Source: author’s own photograph

Abbildung in dieser Leseprobe nicht enthalten

Figure 3: Presentation of non-food products in a Lidl store in Muelheim an der Ruhr

Source: author’s own photograph

2.2 Service design

For retailers the service culture is an unavoidable requirement (Goworek and McGoldrick, 2015). To protect themselves against the online competitors, it is important that traditional retailers introduce services to continue to be successful in the future (Heinemann, 2017). It has long been assumed in the stationary retail that advice and service are equated and that these are significant reasons for the visit at the POS (Heinemann, 2017). Examples are repair services and the home delivery (Heinemann, 2017).

In addition to the already mentioned traditional services, digitisation offers stationary retailers the opportunity to integrate new services. These services can be categorized in Web-to-Store services, Store-to-Web services and Digital-in-Store services. Typical examples for Web-to-Store services are the online availability check or the online reservation (Heinemann, 2017). Store-to-Web services are appropriate to keep undecided customers, if they cannot decide at the POS for the purchase (Heinemann, 2017). This service component offers the possibility to inform and to advise customers about goods before buying. Furthermore, it contains the trial of products at the POS or give customers the possibility to take the products home to try them out (Heinemann, 2017). Like mentioned before Digital-in-Store services represent another component of digital services. Examples of this are the navigation to the desired article or to obtain product information from smartphones or other mobile devices (Heinemann, 2017).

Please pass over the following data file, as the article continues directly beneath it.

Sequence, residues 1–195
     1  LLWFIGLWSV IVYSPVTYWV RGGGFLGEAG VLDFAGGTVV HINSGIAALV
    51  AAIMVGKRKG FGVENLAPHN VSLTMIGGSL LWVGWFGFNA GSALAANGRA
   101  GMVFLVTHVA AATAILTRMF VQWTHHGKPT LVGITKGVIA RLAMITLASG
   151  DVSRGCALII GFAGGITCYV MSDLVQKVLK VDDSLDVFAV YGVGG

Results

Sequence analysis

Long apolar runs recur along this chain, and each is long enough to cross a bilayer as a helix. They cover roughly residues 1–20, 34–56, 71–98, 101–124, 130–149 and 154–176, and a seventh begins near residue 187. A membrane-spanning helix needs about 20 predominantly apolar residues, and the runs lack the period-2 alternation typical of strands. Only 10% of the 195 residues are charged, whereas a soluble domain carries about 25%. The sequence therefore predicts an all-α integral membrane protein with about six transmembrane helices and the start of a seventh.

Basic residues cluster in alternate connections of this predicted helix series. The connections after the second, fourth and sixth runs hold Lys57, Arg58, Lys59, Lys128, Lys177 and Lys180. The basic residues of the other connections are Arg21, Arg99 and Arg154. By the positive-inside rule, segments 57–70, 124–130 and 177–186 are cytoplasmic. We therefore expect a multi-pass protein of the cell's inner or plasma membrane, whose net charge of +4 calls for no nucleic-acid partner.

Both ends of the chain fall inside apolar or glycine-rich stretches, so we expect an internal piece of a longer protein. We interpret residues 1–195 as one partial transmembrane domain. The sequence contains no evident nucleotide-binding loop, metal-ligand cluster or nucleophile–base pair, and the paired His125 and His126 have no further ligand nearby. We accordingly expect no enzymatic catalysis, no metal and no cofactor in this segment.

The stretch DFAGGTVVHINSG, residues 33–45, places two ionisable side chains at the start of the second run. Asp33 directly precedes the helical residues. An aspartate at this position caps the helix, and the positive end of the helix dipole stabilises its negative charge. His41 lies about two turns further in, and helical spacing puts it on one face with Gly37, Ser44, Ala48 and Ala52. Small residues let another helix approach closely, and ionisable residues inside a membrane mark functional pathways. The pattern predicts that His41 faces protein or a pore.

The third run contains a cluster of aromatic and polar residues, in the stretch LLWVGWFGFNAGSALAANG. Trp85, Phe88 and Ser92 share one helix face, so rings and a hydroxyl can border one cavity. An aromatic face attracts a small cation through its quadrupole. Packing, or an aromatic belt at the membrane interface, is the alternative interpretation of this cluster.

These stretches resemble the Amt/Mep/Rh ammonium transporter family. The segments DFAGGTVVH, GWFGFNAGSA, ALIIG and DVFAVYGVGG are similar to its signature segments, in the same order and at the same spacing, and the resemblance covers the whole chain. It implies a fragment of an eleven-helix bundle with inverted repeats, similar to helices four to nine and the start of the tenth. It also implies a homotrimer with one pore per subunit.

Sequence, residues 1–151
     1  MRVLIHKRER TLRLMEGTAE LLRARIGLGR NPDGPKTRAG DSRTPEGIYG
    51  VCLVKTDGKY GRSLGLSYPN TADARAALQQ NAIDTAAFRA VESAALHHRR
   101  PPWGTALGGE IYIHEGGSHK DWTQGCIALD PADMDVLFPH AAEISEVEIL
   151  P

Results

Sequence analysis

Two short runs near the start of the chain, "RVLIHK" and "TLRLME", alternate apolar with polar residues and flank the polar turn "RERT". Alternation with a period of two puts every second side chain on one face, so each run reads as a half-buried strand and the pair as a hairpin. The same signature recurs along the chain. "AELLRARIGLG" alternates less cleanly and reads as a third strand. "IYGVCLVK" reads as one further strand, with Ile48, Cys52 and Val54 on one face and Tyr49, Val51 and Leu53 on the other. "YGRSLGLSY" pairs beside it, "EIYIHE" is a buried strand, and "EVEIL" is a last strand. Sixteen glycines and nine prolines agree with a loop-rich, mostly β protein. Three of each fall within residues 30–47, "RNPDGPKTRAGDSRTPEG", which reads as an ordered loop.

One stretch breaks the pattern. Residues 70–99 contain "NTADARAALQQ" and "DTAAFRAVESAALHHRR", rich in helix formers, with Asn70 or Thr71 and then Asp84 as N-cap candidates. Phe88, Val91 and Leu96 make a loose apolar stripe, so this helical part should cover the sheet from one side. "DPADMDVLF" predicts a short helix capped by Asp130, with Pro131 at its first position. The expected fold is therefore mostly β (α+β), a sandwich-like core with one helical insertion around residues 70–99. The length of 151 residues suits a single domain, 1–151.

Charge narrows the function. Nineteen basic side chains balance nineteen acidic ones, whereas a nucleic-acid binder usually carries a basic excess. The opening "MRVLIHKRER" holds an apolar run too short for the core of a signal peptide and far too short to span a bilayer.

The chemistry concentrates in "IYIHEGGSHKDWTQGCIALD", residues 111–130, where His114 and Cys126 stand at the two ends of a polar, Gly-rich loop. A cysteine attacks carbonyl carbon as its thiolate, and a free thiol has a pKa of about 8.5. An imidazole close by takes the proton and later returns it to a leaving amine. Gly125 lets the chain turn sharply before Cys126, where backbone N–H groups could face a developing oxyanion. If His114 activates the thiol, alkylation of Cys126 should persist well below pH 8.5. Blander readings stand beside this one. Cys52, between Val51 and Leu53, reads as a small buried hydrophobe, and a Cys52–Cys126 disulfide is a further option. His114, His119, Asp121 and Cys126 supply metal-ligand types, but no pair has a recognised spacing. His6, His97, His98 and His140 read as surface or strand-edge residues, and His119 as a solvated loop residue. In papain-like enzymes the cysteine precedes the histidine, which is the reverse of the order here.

Mobile payment is also one of the digital in-store services (Heinemann, 2017).

Lidl offers for example a service hotline where customers can ask for product information or if they have questions regarding others matters. In order to clarify questions before the call, Lidl has created questionnaires for the topics store and online shop. From the registration in the online shop, about questions about ordering to questions about warranty everything is answered. Lidl offers for a few branches in Mannheim, Ludwigshafen, Heidelberg und Speyer a pick-up service for non-food products. Lidl offers in the online shop a significantly wider range of non-food items. Mattresses or garden furniture are delivered to the customer by a forwarding agent.

Lidl also offers a service at the POS. This includes the baking station (See figure 3). Customers here receive fresh baked goods every day. In the online questionnaire it is made clear that the possibility to collect previously ordered food in the store does not exist. In summary, after considering the currently offered services, it can be said that this does not correspond to the current needs of the customers. The connection between the physical visit to the POS, online applications and technological innovation is becoming increasingly important for stationary retailers (Gläß and Leukert,2017).

[...]

Details

Seiten
14
Jahr
2019
ISBN (eBook)
9783346201140
ISBN (Buch)
9783346201157
Sprache
Englisch
Katalognummer
v593501
Institution / Hochschule
Hochschule Ruhr West
Note
1,4
Schlagworte
Customer Experience

Autor

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Titel: How can Lidl create a customer experience by implementation of new services and creation of a new shopping atmosphere in  the age of digitalisation?